After watching the video and some reflection on Steve Jobs, Apple, Barack’s ‘Yes We Can’ campaign and Dr King’s ‘I have a dream’ speech, it does make sense – I definitely agree. Perhaps this is why UK Politicians get limited public support – they’re too busy trying to make friends with the media or plotting on how to tackle the opposition rather than communicating why they are doing what they are doing – maybe this is what they need. Check out the video below.

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A Word You Should Know: Fortify

 

for·ti·fy  (fôrt-f)

v.
a. To strengthen and secure (a position) with fortifications.
b. To reinforce by adding material.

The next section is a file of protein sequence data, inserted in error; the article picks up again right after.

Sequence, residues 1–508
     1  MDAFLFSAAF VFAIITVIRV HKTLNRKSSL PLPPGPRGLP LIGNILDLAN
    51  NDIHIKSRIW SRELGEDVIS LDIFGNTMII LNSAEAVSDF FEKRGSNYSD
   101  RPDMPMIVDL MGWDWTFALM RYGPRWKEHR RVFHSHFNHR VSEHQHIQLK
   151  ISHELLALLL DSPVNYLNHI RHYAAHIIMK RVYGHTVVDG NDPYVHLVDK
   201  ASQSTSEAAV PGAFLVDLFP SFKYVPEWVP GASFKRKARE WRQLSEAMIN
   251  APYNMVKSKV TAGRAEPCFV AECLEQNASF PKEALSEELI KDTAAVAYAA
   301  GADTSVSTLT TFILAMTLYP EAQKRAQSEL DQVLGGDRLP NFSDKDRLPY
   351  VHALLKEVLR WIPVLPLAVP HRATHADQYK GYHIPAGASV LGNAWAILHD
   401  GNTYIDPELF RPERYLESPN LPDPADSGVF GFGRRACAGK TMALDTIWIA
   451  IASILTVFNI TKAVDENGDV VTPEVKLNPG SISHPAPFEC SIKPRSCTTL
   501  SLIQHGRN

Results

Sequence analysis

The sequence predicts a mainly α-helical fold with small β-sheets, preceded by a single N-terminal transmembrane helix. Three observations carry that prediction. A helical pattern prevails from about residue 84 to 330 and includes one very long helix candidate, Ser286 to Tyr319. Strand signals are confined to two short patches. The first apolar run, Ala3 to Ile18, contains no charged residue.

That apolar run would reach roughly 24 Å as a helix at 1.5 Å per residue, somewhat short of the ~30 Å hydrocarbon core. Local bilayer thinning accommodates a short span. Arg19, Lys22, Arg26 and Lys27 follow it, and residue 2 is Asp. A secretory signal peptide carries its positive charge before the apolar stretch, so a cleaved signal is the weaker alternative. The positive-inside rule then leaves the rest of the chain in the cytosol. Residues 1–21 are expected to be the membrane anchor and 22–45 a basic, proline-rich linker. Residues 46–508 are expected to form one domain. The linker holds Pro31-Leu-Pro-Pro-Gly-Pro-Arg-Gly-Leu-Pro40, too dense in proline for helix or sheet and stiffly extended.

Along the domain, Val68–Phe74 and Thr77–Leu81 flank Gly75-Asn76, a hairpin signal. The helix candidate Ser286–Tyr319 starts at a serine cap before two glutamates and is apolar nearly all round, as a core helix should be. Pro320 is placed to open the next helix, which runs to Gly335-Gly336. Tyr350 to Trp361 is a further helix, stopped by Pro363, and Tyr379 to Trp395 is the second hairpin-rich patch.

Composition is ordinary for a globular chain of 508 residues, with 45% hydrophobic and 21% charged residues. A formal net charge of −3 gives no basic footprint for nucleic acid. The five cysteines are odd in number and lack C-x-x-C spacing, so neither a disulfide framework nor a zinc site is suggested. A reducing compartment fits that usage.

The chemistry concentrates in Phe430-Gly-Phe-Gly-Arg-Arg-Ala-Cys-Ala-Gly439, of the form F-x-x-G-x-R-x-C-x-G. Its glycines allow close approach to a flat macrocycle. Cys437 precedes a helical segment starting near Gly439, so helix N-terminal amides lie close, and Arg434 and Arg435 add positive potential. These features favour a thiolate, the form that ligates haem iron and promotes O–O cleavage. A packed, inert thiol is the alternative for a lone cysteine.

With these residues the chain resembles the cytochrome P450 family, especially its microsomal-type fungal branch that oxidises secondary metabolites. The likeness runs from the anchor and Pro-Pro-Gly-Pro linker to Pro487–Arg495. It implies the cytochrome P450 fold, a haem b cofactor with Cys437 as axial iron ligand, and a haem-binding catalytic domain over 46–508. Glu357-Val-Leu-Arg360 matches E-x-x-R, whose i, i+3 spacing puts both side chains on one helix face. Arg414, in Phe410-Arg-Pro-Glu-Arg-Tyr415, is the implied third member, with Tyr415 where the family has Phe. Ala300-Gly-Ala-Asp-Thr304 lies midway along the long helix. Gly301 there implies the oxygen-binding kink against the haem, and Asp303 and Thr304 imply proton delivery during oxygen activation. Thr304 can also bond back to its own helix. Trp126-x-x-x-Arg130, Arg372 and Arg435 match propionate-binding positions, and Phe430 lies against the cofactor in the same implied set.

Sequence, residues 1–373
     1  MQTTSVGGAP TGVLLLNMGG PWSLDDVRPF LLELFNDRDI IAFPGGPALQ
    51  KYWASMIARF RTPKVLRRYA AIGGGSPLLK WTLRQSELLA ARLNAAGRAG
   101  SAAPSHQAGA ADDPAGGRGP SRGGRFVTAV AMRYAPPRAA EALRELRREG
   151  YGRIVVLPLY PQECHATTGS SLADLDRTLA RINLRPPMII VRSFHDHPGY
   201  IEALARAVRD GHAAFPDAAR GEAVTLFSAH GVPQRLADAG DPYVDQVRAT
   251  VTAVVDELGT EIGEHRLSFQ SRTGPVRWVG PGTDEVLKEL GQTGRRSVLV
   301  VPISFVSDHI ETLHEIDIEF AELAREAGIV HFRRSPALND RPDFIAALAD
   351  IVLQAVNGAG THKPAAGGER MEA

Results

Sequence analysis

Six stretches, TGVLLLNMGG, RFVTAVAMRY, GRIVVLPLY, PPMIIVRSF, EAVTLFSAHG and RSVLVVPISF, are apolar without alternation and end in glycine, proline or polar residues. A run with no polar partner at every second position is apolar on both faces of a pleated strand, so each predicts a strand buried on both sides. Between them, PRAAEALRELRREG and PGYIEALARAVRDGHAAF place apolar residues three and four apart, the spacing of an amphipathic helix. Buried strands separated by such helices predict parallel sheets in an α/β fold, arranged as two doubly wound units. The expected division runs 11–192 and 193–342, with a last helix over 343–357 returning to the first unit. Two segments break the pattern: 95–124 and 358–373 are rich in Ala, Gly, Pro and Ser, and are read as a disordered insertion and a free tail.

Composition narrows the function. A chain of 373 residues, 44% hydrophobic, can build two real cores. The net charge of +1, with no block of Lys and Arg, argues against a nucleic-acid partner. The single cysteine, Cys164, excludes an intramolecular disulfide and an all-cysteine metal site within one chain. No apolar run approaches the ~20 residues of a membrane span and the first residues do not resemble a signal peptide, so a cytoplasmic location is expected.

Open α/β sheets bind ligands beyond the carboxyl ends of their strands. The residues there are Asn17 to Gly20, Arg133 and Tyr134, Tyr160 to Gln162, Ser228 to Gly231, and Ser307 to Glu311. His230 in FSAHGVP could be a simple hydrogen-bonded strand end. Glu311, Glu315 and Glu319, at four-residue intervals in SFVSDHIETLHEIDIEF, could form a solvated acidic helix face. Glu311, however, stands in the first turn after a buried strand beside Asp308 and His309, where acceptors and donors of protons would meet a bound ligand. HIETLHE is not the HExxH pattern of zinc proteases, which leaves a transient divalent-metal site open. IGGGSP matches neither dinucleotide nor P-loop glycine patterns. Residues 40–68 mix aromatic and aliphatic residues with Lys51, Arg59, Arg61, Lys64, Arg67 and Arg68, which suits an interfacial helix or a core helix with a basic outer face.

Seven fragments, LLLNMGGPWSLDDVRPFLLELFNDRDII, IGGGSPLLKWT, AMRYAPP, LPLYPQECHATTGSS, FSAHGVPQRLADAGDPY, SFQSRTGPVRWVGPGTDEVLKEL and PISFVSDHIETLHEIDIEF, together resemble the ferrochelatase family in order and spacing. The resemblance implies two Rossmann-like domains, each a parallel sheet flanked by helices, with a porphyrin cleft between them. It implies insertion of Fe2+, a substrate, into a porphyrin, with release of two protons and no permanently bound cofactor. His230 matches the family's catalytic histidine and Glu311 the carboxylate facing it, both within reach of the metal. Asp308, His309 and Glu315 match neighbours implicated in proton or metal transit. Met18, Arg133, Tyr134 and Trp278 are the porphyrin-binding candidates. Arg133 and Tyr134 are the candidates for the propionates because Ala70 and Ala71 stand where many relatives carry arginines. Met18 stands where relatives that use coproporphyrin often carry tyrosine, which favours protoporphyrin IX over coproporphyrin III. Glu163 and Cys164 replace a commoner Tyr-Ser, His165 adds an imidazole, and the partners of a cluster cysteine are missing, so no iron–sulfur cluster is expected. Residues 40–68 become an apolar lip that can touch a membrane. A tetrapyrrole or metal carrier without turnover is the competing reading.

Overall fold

c. To impart physical strength or endurance to; invigorate.
d. To give emotional, moral, or mental strength to; encourage: Prayer fortified us during our crisis.
e. To strengthen or enrich (food, for example), as by adding vitamins.

 

“Wanting to gain weight really fortified the reason for me to eat that horrid Rocky cake.”

 

Naj Hassan wrote this article. Naj is a full-time Dad; full-part-time Blogger; full-time Analyst; part-part-time Composer and part-full-time Investor and property problem solver.

– Leicester Property Buyers
– Naj Hassan LinkedIn
– Naj Hassan YouTube
– naj.hassan01(at)gmail.com

 

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A Word You Should Know: Zeitgeist

Zeit·geist (ˈzaɪtˌɡaɪst)

n.